What is flawed in attempts to interpret the Elvis/Graceland phenomenon within the framework of conventional religion are not the (mostly murky) answers, but rather the question itself. The religious dimension of the Elvis/Graceland phenomenon should not be sought in its relative alignment with the central theological and organizational building blocks of the world's great religions; rather, it should be sought on religion's "edges" - in the much less organzed and structured world of charismatics, holy places, and pilgrimage that all religions, to some degree, share in common.

Despite its seemingly heavy theme, From the Holy Land to Graceland is accessible to all readers. This is thanks to Dr. Vikan's fluent, evocative writing style which brings his ideas to life in a richly colorful and stimulating way.

The effusive narrative is illuminating and is likely to convince many of those who question the concept of Elvis as Saint.

Opposite: Elvis fan leaves a 'votive'

At other junctures, Vikan interweaves an impressive tapestry of seemingly unrelated events or things where each one resonates with subliminal meaning in the context of Saint Elvis. From Elvis having lived before and the apologia of Dr. Nick to the iconographic affirmation by fans at the Days Inn during Elvis Week and Albert Goldman's meanspirited "Contra Elvis", there is a wondefully eclectic range of material to savour and digest.

Vikan's discussion of other modern day icons and their holy places allows a more rounded understanding of the phenomenon of secular sainthood. The events and their holy places discussed include the terrorist attacks of 7/11/Ground Zero while the icons include JFK/the grassy knoll in Dallas; Martin Luther King Jr/Lorraine Motel in Memphis and Princess Diana/Place d'Alama in Paris), with the author offering insight as to why some have ongoing fascination (worship) while interest in others is or may only be temporal.

For instance, in relation to whether Michael Jackson is, postmortem, on the ascent or descent, Dr Vikan comments:

.... the absence of an acknowledged paramount Jackson locus sanctus, with a body and relics, will inevitably militate against his ever reaching the Elvis/Graceland level.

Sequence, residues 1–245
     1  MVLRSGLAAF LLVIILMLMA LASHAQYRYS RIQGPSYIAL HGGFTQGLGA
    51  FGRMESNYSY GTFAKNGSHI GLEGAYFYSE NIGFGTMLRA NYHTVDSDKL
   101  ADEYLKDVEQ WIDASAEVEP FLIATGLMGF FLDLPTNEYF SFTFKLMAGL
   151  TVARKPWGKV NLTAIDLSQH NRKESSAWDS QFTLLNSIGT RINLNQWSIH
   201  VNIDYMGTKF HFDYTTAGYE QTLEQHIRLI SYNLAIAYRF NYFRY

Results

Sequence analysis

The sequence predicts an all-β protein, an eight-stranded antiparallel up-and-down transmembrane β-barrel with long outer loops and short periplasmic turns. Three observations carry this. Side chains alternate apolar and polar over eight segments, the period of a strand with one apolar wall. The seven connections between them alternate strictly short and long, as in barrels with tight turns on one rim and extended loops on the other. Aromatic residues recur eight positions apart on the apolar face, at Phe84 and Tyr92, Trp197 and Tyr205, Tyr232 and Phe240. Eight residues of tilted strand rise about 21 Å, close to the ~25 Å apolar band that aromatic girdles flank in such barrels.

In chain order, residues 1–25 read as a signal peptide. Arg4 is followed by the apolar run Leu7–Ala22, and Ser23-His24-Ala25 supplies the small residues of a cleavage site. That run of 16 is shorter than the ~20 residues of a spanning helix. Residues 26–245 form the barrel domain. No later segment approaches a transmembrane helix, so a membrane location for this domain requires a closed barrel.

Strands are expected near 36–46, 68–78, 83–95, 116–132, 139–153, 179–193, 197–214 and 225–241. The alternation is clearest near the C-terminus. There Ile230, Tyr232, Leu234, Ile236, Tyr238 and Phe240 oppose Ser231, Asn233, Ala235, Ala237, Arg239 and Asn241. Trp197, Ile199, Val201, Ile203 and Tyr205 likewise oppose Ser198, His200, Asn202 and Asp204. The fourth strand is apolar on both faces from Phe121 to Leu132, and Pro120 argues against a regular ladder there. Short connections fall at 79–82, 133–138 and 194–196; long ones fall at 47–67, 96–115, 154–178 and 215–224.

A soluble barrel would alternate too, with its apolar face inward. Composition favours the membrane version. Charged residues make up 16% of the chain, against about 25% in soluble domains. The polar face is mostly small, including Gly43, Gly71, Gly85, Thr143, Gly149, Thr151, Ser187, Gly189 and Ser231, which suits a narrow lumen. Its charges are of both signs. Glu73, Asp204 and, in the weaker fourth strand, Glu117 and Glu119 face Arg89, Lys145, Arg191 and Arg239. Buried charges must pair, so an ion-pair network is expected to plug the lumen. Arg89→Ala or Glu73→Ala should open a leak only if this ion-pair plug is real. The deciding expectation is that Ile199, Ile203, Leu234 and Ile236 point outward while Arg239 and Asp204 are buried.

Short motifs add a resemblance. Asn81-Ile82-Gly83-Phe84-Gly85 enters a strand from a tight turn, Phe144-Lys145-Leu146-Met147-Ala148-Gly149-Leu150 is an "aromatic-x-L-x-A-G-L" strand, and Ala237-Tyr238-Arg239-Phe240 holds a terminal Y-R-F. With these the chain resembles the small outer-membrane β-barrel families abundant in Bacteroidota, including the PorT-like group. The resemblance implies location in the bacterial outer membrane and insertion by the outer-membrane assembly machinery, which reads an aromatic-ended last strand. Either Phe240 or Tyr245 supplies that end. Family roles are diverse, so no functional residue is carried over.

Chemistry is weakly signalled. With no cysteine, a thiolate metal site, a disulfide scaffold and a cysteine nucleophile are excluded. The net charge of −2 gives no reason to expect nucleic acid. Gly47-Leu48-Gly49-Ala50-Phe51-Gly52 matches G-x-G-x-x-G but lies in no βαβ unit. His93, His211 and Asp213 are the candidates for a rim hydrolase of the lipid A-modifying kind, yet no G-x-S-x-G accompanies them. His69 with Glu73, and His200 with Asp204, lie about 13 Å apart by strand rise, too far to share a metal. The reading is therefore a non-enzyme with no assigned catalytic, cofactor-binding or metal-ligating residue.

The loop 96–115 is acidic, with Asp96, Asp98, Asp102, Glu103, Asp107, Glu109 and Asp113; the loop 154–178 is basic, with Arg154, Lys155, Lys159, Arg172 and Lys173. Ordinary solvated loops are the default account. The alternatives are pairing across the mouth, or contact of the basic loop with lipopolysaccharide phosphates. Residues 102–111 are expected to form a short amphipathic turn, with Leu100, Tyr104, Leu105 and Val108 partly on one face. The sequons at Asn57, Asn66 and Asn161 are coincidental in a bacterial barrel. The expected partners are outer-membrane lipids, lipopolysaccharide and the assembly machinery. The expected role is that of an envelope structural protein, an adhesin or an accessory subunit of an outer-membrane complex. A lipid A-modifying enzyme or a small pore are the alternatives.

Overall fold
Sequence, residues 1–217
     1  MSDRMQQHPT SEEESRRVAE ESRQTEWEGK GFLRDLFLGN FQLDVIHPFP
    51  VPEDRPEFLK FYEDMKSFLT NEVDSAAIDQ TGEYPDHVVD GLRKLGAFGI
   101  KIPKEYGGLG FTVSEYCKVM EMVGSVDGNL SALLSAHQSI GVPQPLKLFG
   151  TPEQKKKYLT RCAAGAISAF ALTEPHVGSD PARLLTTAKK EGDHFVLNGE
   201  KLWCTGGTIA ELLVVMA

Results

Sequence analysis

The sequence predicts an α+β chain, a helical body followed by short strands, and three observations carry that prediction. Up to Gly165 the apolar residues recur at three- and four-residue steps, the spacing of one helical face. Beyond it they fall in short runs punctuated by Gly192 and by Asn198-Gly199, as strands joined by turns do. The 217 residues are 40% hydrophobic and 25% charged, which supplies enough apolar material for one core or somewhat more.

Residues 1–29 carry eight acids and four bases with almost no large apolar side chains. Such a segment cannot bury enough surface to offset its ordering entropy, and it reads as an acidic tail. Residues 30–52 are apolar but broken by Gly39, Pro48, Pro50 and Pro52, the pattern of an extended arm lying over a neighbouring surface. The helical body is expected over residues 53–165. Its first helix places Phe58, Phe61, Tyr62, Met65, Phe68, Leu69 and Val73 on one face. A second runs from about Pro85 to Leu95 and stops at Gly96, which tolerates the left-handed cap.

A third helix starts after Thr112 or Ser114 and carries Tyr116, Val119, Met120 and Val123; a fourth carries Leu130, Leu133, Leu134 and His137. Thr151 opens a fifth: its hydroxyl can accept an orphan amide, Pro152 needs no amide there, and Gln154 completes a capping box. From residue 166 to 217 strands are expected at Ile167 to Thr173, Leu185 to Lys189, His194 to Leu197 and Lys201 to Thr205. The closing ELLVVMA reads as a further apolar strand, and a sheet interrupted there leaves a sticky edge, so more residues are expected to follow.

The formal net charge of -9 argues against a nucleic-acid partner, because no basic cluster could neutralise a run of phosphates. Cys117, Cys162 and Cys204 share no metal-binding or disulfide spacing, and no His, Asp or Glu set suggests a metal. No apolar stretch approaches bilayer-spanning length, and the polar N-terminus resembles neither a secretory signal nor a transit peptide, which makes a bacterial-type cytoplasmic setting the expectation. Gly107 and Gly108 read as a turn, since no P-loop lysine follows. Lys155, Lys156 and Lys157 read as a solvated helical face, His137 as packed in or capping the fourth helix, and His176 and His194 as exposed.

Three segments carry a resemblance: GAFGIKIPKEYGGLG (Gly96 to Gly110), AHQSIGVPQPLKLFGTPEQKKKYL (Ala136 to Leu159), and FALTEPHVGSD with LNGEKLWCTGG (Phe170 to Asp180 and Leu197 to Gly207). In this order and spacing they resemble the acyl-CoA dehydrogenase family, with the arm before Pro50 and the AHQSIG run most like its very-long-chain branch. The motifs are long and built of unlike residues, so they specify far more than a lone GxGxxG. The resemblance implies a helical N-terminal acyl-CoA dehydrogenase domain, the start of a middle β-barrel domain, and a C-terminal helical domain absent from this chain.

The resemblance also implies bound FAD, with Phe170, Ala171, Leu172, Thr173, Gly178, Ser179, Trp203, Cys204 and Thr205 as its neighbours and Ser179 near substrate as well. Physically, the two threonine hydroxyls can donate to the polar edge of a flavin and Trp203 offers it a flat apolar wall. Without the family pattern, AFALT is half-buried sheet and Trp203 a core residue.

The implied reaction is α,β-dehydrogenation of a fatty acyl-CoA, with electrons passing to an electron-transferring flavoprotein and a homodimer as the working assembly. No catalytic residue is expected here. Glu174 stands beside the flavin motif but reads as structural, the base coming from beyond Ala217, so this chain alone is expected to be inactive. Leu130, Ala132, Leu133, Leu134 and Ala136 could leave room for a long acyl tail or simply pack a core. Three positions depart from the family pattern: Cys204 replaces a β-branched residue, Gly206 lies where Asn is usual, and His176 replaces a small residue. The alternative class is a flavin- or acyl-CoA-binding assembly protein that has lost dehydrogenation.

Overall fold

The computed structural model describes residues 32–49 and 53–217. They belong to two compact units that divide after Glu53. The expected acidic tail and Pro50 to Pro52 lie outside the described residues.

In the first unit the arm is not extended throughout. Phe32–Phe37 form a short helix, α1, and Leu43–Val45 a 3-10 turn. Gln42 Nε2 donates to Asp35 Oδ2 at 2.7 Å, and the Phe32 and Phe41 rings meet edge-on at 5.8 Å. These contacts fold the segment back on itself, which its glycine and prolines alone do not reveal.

The narrative of From the Holy Land to Graceland is generously complemented by 130 quality color image plates which reinforce the author's key messages.

On why you should read From the Holy Land to Graceland I think noted historian of race and religion, Professor Edward J. Blum, summed it up most eloquently when he said about the book:

Connecting early Christian pilgrimages to the veneration of Elvis and his home, this book should be read by anyone fascinated with the King and the King of Kings, the South, or the relationship between sacred space and culture.

Verdict: From the Holy Land to Graceland is a cogently written and stimulating treatise which vividly brings to life why Elvis can rightly be viewed as a secular saint. It is one of the most thought provoking and interesting Elvis books in recent years. The King is dead! Long live Saint Elvis!

* EIN recommends readers check out the wonderful recording by the Stray Cats, Elvis on Velvet and another great track, the somewhat disturbingly obsession based Velvet Elvis by Alex Winston.

From the Holy Land to Graceland is now available in the US and will be released in the UK in a few weeks (see links above).

Watch Dr Vikan's dynamic photo-essay about Saint Elvis on You Tube

Comment on this review

EIN will publish an interview with Gary Vikan shortly


About the author: Until late 2012 Gary Vikan served as director of the Walters Art Museum in Baltimore, Maryland. He was appointed by President Clinton to his Cultural Property Advisory Committee between 1999 and 2003. Trained as a Byzantinist, Dr. Vikan has published and lectured extensively on topics as varied as early Christian pilgrimage, medicine and magic and Elvis Presley. He is adjunct professor at The Johns Hopkins University, Department of Art History, and a faculty member in The Johns Hopkins University School of Continuing Studies. A native of Minnesota, he received a B.A. from Carleton College and a Ph.D. from Princeton University. Dr. Vikan was on the Faculty of Session 482, Libraries and Museums in an Era of Participatory Culture (2011).  He is currently working on his next book about the Shroud of Turin.

Dr Vikan asked about his book before it was published: 'What's next? SAINT ELVIS: From the Holy Land to Graceland – a book-length study almost completed. After all, what could be a more logical sequel to Early Byzantine Pilgrimage Art for a populist like me?'